So I kept on riding in my beloved double offset Prussian sided Eldonian stirrups with the Comfort Pad. When I fell off my feet had no problem coming out of these stirrups (maybe because my feet were properly heels down) but I decided I would feel safer with stirrups that would still let my feet escape the stirrups. One of my problems with regular stirrups is that my ankles have this distressing tendency to break to the outside and I have to really concentrate to keep my ankle cocked to the inside and my position suffers so I hoped that eventually a safety stirrup would come around that sloped a little bit in the foot-bed.

Some of the modern safety stirrups looked interesting but did not have a sloping foot-bed and I kept looking. I finally ran into the Tech Venice sloped irons which looked promising, except that they cost almost $400.00 USD. Then I found that there were modern safety stirrups that looked interesting but cost hundreds of dollars more without a sloping foot-bed, so I decided to bite the bullet and save up for these irons. The outer branch of these stirrups is hinged at the bottom with a closing spring and connects magnetically to the outside of the stirrup eye, if not kept open the outside branch springs back into place all by itself.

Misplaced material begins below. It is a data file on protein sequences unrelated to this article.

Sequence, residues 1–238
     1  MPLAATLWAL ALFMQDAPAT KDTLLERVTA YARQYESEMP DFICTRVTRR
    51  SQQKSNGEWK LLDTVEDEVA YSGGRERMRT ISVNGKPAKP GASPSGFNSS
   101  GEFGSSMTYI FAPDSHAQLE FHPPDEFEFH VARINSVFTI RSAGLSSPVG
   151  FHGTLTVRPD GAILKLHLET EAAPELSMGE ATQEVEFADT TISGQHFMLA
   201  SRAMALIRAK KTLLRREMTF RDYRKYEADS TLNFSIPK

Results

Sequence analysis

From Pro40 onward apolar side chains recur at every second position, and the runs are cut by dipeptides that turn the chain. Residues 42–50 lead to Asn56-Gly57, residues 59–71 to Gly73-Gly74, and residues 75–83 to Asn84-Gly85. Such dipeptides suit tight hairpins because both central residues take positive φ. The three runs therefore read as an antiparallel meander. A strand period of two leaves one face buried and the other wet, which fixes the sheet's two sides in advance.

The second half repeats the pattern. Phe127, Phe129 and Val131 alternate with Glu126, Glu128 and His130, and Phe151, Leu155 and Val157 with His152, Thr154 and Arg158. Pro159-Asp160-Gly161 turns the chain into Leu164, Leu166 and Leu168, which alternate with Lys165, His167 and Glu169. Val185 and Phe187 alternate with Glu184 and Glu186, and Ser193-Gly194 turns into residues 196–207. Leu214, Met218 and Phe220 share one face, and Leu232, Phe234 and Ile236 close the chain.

When I saved up enough money I went to my “local” tack store and ordered them. Luckily for me my local tack store is quite willing to order me something carried by one of their suppliers. Since there are several color combinations for these particular stirrups I decided I wanted silver/silver. Well, they were out of stock and I would have to wait over a month for them, so I told the tack store to see if there were any other color combinations available, I just wanted these stirrups.